The 7th Labor – To capture the Cretan Bull

The Cretan Bul

bonvall20a.jpgThe Cretan bull has been on the same side with Poseidon. King Minos of Crete had promised the beautiful and unusual white bull as a sacrifice to Poseidon, but when he didn't kept the promise, the god made King Minos wife, Pasiphae, to fall in love with it. With the help of Daedalus, who was the craftsman of labyrinth and melting-winged Icarus fame, Pasiphae had build a decoration that allowed the beautiful beast to meet her. Their offspring was the Minotaur who was half bull and half man creature that yearly ate the Athernian tribute of fourteen young men and women.

The story

Hercules leaves the area of the Peloponnese to travel to the far corners of the earth and beyond. The seventh labor Hercules has to capture the Cretan Bull whose identity was unclear, but whose indenial nature is to cause trouble.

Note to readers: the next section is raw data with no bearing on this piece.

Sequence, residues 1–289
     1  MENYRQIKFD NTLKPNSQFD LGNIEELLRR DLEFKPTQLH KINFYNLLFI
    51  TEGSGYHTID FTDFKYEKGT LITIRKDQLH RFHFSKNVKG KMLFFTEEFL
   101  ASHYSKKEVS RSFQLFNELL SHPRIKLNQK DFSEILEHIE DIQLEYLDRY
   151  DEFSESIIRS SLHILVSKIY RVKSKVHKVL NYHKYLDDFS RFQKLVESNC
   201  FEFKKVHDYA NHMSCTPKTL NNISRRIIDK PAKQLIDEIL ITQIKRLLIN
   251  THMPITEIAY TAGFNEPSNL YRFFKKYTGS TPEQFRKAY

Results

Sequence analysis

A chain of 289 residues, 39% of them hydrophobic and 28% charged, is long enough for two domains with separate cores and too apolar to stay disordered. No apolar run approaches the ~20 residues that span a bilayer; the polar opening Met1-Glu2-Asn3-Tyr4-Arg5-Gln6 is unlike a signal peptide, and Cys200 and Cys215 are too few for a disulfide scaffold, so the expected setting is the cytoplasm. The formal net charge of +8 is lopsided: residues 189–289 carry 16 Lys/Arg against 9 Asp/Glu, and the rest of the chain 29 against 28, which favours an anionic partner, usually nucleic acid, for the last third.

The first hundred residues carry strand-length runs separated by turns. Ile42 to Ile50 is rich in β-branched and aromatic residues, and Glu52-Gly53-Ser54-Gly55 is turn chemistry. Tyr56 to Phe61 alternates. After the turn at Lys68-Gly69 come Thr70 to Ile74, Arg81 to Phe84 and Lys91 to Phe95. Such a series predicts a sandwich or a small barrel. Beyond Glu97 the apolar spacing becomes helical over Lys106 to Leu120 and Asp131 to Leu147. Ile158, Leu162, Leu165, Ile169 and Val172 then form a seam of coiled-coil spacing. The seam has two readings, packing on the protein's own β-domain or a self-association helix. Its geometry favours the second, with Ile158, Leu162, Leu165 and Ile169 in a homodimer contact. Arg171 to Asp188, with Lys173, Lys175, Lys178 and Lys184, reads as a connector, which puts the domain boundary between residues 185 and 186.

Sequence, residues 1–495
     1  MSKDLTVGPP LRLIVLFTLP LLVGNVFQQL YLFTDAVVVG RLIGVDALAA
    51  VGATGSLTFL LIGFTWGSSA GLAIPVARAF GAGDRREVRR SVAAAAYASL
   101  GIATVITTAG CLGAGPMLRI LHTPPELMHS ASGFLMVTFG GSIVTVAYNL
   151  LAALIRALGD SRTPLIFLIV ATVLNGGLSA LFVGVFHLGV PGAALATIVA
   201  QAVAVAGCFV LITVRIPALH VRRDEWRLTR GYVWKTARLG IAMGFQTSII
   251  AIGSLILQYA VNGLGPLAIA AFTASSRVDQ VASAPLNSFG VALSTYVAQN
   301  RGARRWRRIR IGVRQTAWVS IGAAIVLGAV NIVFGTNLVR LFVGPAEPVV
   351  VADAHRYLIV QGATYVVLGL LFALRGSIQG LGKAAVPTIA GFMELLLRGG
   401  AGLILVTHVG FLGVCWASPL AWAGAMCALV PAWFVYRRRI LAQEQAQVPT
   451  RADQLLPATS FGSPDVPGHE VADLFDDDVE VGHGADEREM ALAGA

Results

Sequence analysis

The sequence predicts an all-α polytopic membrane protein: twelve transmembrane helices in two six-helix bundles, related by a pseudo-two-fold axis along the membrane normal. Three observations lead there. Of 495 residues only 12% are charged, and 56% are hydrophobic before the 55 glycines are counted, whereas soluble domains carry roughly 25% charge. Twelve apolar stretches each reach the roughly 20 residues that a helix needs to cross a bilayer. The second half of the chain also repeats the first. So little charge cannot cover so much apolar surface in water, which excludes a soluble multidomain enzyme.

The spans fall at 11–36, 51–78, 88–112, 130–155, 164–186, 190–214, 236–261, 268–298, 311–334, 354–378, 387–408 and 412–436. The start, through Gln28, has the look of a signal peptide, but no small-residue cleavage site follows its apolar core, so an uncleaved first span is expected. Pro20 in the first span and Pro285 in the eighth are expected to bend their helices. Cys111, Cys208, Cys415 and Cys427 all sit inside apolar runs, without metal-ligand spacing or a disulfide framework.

Hercules was forced to capture the Cretan Bull because it was his seventh task. Hercules sailed to Crete, whereupon the King of Crete, Minos, gave Hercules permission to take the bull away, as it had been cause destruction on Crete. Hercules used his hands to strangle the bull, and then shipped it back to Athens. Eurystheus wanted to sacrifice the bull to Hera, who hated Hercules. She refused the sacrifice because it reflected glory on Hercules. The bull was released and wandered into Marathon, becoming known as the Marathonian Bull.